One easy way to increase diversity on college campuses

December 13, 2018

America’s inequality problem is bigger than Harvard, the University of Michigan or the SAT. But there are steps universities can take to ease the application process for low-income students. A new study suggests that low-income high school students are more likely to apply to selective colleges if they’re aware that they can receive financial aid. A mailer is an easy way to inform.

If you’re a Harvard student, you’re probably well-off. The Harvard Crimson reported in 2017 that the median family income for a Harvard University student is $168,800 — a figure three times the national average. Harvard’s rarefied atmosphere isn’t breaking news, nor does it appear to be specific to Harvard. Though elite schools like Harvard have recently stepped up efforts to reach out to low-income high-school students, and to support them on campus after they matriculate, these students are still a rarity at the nation’s most selective institutions. Previous research reported by NPR found that low-income, high-achieving students only constitute about 3 percent of admissions to elite colleges nationwide, for myriad reasons. Students often don’t know, for example, that colleges will waive application fees for low-income applicants.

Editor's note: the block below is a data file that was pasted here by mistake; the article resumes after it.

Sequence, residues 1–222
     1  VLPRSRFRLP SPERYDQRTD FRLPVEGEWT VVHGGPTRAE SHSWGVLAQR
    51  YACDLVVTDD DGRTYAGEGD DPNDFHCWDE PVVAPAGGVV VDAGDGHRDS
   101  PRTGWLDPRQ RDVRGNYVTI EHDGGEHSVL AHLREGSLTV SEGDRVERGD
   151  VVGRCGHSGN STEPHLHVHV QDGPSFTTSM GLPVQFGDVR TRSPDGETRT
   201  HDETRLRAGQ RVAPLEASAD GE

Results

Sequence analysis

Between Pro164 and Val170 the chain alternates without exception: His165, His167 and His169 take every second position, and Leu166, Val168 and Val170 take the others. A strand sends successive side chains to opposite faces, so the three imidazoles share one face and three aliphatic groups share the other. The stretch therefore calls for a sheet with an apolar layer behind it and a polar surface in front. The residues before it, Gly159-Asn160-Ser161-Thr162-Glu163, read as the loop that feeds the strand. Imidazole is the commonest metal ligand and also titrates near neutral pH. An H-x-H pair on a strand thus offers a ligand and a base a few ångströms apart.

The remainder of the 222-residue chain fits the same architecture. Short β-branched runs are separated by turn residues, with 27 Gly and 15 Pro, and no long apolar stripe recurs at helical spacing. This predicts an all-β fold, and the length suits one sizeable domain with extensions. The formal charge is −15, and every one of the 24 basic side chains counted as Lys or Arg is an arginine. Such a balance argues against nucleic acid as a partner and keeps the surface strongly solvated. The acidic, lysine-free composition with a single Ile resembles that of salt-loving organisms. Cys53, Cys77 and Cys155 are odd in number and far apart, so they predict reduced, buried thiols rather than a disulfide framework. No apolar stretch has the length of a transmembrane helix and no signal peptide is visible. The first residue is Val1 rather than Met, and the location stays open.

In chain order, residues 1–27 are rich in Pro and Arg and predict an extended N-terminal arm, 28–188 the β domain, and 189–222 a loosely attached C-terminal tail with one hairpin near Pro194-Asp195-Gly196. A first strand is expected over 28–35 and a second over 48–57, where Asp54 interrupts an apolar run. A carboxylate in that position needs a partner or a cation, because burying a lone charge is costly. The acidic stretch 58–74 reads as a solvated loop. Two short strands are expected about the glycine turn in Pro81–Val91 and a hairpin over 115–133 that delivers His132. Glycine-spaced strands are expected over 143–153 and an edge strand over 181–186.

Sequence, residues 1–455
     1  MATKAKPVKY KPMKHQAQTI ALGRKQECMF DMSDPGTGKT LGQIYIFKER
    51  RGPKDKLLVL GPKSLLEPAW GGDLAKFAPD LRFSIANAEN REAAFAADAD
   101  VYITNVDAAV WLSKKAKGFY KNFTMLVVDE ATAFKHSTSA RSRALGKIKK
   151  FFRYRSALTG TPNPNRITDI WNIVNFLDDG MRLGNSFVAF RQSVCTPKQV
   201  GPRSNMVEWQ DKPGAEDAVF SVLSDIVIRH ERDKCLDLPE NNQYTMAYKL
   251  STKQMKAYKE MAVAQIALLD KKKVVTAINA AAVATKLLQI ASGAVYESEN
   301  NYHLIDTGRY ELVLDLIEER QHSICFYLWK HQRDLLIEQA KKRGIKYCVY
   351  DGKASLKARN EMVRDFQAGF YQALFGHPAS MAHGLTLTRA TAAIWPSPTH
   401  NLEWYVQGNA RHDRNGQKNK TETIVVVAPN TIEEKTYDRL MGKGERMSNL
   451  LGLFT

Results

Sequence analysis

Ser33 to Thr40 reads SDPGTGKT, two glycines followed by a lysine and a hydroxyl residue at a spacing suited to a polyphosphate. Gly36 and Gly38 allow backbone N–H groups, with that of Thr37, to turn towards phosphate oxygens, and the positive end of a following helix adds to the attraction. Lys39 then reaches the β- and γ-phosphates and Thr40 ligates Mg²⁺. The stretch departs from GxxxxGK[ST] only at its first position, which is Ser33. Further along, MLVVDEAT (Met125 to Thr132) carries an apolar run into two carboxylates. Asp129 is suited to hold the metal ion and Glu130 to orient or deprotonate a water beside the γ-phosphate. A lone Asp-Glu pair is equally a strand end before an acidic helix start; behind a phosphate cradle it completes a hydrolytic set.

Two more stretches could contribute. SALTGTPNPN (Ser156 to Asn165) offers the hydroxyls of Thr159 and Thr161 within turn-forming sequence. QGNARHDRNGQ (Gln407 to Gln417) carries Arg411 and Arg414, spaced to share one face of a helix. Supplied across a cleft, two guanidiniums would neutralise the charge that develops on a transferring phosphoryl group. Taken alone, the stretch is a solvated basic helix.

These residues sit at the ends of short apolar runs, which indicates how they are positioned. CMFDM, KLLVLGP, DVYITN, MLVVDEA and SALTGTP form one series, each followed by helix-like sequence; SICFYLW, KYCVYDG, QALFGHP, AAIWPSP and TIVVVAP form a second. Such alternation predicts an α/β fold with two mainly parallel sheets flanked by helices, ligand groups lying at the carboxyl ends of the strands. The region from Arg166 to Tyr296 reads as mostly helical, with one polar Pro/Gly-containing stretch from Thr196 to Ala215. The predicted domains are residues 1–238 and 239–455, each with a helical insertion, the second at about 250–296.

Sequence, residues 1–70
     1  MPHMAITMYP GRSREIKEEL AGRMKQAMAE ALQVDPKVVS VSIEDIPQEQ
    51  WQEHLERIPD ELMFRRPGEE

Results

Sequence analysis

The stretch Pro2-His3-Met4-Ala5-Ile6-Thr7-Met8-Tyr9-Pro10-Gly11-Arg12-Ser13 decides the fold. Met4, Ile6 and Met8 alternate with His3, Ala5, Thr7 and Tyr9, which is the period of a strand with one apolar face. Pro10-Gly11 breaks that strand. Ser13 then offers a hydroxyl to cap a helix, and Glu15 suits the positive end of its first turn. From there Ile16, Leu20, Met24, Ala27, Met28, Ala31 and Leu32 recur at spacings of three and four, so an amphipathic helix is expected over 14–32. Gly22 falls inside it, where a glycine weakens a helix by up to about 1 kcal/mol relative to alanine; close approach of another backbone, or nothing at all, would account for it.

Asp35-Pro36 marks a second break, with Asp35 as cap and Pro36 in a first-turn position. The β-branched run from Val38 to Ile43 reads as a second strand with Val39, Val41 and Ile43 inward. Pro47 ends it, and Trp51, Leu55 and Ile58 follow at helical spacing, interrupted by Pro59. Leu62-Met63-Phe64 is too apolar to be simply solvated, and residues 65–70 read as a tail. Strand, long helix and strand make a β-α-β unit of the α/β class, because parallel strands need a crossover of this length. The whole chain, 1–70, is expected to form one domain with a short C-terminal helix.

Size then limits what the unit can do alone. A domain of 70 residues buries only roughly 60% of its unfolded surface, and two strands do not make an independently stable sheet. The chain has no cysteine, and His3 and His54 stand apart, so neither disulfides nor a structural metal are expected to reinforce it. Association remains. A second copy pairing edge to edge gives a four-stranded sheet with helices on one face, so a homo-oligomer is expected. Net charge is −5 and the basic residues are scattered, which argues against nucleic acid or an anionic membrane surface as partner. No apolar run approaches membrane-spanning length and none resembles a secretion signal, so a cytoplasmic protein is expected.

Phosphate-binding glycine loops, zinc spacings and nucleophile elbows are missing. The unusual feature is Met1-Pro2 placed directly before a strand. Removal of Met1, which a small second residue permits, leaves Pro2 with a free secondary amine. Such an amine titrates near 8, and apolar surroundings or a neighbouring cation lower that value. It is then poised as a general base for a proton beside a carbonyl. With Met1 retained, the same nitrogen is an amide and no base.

Now, new research reinforces the systemic nature of the barriers low-income students encounter when they consider higher education. A study, released this month by the University of Michigan’s Susan Dynarski and Stephanie Owen, along with Katherine Michelmore of Syracuse University and C.J. Libassi of the College Board, suggests that low-income students are more likely to apply to selective colleges if they’re aware that they can receive financial aid.

In a randomized, controlled trial, researchers targeted high-school seniors in the state of Michigan who qualified for free or reduced school meals and met the academic criteria for admission to the University of Michigan. “In a personalized mailing, students were encouraged to apply to the University of Michigan (the state’s most selective college) and promised four years of free tuition and fees if admitted, with no requirement to complete financial aid forms. Parents and principals of the eligible students were also personally notified about this offer,” researchers explained. Researchers didn’t create a financial-aid program for the study, of course; they simply informed eligible students about financial aid already available to them. And the results were significant.